I want to shed some light on the reasoning behind ePubCrawler, our InDesign-to-fixed layout EPUB conversion tool.
1. Take as much or as little as you want.
It’s totally OK to use ‘a little bit’ of ePubCrawler.
For example, if all you want is to extract the used images from InDesign in JPEG format, and rename them with more sensible image names that help you with building the EPUB: ePubCrawler will do that for you.
Or if all you need are JPEG exports of the page backgrounds, with text removed: ePubCrawler will do that for you.
Or if you want the frame coordinates expressed in percentages. No sweat!
Edit the config.ini file as needed, run ePubCrawler, and grab the bits you need, and leave the rest behind.
It’s OK – it’s meant to be usable that way!
At present, ePubCrawler is highly unfinished: there is still a lot to be done.
But that does not mean it is not useful. I’ve had reports of 10-fold or 100-fold increases in productivity by using ePubCrawler.
So, even though ePubCrawler is still rough, and does not have a pretty user interface, it can help you achieve much better productivity.
The disadvantage of this approach is that it’ll take you effort.
You need to read the documentation and the config.ini file, and watch the movies, or organise a training session with us. Nothing will make much sense until you do.
The documentation is incomplete and outdated in places. That’s all part and parcel of it. Yet, the rewards are great, so give it a go!
And we are only an e-mail away – e-mail [email protected] if you have questions, suggestions, bug reports.
3. The EPUB professional should be in control, not the tool.
I’ve attended a number of presentations on EPUB and InDesign, and invariably the presenter uses a phrase similar to “… and then you crack the .epub file open, and adjust the CSS and XHTML to your needs”.
The way I understand this is that the various existing InDesign-to-EPUB export tools do an OK job. Yet many of the EPUB professionals I’ve met are left wanting.
They have some very specific needs, and these ‘all singing all dancing’ EPUB conversions only go so far.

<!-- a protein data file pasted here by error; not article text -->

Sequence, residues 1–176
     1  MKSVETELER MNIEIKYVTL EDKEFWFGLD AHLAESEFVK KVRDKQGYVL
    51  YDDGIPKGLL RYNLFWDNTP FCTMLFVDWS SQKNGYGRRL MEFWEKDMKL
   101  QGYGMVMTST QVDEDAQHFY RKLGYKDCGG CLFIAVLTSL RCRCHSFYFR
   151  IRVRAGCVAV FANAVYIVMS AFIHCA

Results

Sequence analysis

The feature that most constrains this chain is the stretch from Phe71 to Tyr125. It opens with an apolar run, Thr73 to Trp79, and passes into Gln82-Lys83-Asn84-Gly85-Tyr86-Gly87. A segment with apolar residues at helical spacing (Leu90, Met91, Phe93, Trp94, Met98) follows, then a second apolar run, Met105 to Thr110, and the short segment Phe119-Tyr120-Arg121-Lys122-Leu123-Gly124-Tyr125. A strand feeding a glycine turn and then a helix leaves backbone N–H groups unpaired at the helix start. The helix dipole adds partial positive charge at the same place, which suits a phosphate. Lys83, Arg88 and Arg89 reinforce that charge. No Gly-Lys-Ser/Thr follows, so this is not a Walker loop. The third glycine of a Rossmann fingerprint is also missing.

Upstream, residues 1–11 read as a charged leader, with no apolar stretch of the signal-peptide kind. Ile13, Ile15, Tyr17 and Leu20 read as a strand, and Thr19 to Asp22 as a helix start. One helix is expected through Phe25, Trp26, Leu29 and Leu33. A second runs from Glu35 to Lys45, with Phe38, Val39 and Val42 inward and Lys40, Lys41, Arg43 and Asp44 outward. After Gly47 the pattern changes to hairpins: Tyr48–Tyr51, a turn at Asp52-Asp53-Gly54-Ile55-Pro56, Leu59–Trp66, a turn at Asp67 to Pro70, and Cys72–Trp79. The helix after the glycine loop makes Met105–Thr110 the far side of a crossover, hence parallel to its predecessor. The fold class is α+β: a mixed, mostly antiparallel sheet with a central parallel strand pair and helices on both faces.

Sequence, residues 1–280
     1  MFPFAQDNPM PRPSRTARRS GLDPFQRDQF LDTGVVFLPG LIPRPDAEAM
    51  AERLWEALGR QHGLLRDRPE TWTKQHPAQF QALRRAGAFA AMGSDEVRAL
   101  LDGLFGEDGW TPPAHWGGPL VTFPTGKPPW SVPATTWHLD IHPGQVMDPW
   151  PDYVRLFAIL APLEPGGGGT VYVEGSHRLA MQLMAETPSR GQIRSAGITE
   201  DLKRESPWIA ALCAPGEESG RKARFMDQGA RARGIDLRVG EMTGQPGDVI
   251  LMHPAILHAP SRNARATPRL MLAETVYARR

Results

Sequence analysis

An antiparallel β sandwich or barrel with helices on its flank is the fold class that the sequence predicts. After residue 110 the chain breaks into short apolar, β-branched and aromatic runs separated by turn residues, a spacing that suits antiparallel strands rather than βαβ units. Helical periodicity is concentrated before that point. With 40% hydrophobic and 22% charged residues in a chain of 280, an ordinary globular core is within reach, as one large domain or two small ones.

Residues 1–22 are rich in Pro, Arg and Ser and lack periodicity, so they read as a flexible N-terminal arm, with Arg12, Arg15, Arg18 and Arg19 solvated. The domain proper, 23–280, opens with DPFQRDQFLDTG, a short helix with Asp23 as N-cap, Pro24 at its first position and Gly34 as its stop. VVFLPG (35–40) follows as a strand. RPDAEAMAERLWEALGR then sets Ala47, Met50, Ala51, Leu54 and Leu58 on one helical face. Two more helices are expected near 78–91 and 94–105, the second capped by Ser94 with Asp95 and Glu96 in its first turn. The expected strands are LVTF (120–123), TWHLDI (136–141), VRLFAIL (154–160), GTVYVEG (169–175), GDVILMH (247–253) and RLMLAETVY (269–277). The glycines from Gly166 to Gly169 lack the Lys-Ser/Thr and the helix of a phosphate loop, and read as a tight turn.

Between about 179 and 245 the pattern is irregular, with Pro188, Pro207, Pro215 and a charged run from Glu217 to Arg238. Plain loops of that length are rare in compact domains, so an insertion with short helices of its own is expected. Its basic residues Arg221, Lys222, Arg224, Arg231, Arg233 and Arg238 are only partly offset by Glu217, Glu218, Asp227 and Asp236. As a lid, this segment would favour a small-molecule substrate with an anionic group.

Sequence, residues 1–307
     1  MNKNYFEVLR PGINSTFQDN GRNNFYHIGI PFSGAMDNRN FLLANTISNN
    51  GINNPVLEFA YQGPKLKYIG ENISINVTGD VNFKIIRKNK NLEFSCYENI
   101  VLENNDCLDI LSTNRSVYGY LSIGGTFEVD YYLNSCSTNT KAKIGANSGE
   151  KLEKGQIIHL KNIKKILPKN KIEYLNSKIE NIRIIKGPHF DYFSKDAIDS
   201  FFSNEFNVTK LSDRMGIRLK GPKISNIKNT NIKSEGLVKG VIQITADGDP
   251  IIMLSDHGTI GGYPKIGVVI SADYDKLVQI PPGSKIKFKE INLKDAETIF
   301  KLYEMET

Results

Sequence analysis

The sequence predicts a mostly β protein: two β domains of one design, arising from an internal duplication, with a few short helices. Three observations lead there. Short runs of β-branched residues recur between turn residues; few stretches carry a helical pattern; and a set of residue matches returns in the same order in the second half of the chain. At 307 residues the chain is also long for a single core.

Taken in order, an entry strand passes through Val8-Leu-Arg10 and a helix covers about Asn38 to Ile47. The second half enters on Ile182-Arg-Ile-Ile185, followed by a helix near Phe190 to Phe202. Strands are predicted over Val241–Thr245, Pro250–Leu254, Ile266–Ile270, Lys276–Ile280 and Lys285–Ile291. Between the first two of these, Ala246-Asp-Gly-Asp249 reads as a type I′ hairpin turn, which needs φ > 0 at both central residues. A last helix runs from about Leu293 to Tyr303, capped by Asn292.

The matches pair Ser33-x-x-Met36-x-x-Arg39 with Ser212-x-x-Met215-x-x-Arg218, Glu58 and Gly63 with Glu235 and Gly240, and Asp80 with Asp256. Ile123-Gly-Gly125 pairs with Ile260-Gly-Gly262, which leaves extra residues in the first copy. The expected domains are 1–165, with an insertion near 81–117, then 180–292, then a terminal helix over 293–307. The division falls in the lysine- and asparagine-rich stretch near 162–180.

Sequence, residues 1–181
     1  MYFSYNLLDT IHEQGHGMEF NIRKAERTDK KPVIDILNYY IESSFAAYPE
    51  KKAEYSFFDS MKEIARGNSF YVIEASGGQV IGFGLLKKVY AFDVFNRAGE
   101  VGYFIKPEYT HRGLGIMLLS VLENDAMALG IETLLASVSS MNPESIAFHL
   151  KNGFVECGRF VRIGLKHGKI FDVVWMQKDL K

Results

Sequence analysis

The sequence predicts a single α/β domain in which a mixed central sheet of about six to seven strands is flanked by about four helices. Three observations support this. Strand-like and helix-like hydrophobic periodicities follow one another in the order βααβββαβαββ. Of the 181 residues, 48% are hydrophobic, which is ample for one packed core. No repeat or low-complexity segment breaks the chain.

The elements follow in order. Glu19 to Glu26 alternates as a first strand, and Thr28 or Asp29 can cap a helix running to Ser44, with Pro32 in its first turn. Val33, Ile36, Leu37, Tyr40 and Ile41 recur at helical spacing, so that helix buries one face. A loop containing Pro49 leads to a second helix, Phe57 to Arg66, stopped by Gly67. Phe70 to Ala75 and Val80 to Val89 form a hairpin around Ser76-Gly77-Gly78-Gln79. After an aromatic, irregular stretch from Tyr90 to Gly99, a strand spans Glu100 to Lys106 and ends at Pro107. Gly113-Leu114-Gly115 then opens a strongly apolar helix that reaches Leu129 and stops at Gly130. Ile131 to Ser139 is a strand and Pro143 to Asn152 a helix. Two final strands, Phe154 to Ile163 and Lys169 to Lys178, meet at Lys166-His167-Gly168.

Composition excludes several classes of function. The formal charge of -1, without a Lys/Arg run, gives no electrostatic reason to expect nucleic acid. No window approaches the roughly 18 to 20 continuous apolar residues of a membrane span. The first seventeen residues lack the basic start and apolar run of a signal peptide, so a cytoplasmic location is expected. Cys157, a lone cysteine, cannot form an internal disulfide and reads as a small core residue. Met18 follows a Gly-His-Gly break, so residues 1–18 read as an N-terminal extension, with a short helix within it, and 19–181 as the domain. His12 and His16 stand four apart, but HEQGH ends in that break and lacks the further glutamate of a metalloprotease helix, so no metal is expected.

So, I want ePubCrawler to be a tool that, from the get-go, assumes that you’ll want to adjust the EPUB.
That’s why ePubCrawler does not even attempt to create an .epub file.
Instead it creates an uncompressed EPUB folder, and stops there. The assumption is that you want to take it from there.
I want ePubCrawler to be extremely customizable.
To ‘make it go’, I’ve concocted some ‘default’ export configuration that works out of the box. That way, when people download it, it will at least ‘do something’ without the need to first configure it.
In the process of building this default, I’ve been making a lot of decisions, most of which you probably won’t like.
For example, I’m mapping text frames and image frames to <div>, paragraphs to <p> and character styling to <span>. I am using pixel values in the CSS. I am using certain formulas to calculate frame positions…
Very few of my conversion decisions are cast into stone. They’re starting points. They might or might not work for you.
If you want to change things, since version 0.2.4, pretty much everything is ‘snippetized’, or ‘formula-ized’.
If you want to map InDesign paragraphs to, say, <div> instead of to <p>, easy!
Simply adjust the contents of the snippet files $$PARA_STYLE_PREFIX$$.xhtml.snippet and $$PARA_STYLE_SUFFIX$$.xhtml.snippet, and the generated XHTML files will contain whatever you want, instead if the <p> construct I decided on.
If you want to use a different calculation somewhere, easy!
Adjust the formulas.jsx file. Add your own formulas, and use them from your own snippets.
This drive towards customizability is present at every level. It applies to pages, CSS style sheets, individual words, NavMap entries,…
You can opt to use the default, or change it to your liking.
Have a nosey in the OEBPS folder – most snippet files are fairly self-explanatory. Simply make some changes, run ePubCrawler and see what happens! Experimentation is encouraged!
5. Controllable from the layout
InDesign has a quite a different view on ‘layout’ and ‘content’ when compared with the EPUB standard.
That’s why the conversion is complex, and why you cannot have a ‘single-click’ conversion.
But nothing says that we cannot enhance InDesign and give you more control of the resulting EPUB.
So, another goal is to make ePubCrawler controllable from the InDesign layout.
ePubCrawler already relies on the content of the script labels attached to various page items.
Over time, you’ll see more and more of this. You’ll add information into the script labels attached to the page items on the InDesign layout, and this info will control how ePubCrawler behaves. Eventually, ePubCrawler will sprout some dedicated EPUB palettes to make editing this info easier.
You’ll be able to give ePubCrawler hints and instructions on how to translate individual page items.
An example that’s already available in version 0.2.4. For any text frame, on a separate line of the script label, you can add the word bitmap. The effect will be to force ePubCrawler to export that particular text frame as a JPEG bitmap instead of as text.
6. We can help
ePubCrawler can be overwhelming. If you feel the need to get a kick-start, send us an e-mail. We’re more than happy to provide on-site training, and help you set up and configure things to match your workflow.
Send us an e-mail at [email protected] for pricing if you want to get some training organized!
7. Future: flowable EPUB
More distant plans: use the ePubCrawler philosophy for flowable EPUB.